HONOLULU (KHON2) — So many keiki want to be a firefighter when they grow up. Firefighters provide a great deal of protection that many of us never think of. From water and land rescues to vehicle accidents and of course fires, firefighters are usually front and center for the action.

What few of think about are the physical health issues that arise from being the hero.

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According to the Firefighter Cancer Support Network, occupational cancer is the leading cause of death amongst firefighters.

FCSN has joined forces with the International Association of Fire Fighters to bring awareness and support for those who work tirelessly to protect our communities.

In order to reduce the impact of cancer on firefighters, these two agencies are targeting education, resources and best practices during Fire Fighter Cancer Awareness Month.

“Cancer is the leading cause of death among fire fighters, accounting for more than 74 percent of the line-of-duty deaths added to the IAFF Fallen Fire Fighter Memorial Wall of Honor each year,” says IAFF General President Edward Kelly.

“We must educate ourselves and do everything we can to extinguish cancer from the fire service. Together, the IAFF and FCSN are dedicated to doing whatever it takes to keep fire fighters healthy on and off the job,” added Kelly.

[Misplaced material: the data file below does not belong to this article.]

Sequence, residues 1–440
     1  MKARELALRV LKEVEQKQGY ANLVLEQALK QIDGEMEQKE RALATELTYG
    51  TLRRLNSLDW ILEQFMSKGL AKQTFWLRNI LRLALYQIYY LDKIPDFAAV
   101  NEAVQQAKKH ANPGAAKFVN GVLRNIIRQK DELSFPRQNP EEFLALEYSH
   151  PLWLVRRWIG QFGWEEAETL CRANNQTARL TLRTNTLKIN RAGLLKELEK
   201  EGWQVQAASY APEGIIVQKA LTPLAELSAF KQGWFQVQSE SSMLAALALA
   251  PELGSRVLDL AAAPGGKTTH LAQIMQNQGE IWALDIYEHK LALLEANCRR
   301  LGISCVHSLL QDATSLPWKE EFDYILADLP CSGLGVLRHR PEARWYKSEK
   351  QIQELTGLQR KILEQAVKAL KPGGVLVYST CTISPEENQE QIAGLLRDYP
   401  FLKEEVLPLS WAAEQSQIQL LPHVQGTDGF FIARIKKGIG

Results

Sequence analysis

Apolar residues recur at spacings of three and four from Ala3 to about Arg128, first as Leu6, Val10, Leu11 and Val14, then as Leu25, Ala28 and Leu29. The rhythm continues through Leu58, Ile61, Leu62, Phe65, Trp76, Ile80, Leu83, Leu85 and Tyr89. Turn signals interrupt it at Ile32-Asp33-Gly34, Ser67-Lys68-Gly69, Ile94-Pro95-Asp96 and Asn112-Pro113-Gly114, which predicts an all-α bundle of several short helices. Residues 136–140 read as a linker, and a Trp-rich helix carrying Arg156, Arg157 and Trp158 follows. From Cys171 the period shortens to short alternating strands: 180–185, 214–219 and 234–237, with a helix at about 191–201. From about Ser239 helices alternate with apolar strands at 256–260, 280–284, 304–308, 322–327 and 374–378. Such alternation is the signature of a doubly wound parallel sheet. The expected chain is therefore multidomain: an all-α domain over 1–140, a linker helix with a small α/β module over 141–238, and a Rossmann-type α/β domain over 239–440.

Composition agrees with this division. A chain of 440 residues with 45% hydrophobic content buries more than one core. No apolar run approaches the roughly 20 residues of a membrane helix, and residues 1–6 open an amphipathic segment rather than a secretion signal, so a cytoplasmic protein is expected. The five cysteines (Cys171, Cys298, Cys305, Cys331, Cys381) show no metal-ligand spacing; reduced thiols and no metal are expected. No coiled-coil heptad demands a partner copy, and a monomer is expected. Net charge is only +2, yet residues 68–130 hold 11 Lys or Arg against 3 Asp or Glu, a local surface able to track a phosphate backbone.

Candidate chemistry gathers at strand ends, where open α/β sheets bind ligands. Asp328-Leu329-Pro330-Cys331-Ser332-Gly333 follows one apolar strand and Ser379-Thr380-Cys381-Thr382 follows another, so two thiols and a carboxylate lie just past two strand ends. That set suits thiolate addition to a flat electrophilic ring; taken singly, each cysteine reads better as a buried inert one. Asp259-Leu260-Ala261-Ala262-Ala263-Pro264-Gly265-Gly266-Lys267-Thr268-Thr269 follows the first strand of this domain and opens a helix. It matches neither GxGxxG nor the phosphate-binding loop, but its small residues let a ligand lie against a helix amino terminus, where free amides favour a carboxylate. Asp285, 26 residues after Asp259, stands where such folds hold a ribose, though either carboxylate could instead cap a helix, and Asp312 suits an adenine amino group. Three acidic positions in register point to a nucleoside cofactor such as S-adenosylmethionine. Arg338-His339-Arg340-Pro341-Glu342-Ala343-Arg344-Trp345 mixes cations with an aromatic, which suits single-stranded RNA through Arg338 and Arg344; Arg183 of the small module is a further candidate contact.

Safety stand downs, factsheets, podcasts, survivor stories and training briefs are a part of the agenda for the month-long campaign. With these materials, the focus is on the scope of the cancer problem, prevention, best practices, survivorship, leadership tactics to encourage prevention and skills to help departments reduce their risk of occupational cancer.

“As we continue to learn more about the link between firefighting and cancer, it is more important than ever that we take steps to minimize the risk fire fighters face every single day,” says FCSN CEO Bryan Frieders.

“The science around fire fighter exposures is constantly changing; but with continued research, we learn more and more and are better equipped to introduce prevention practices to reduce our risk of developing occupational cancer,” explained Frieders.

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These resources will be provided and reinforced by online resources that will explain daily training information and infographics. These promote the program on social media and podcasts and address the important issues, topics and latest research.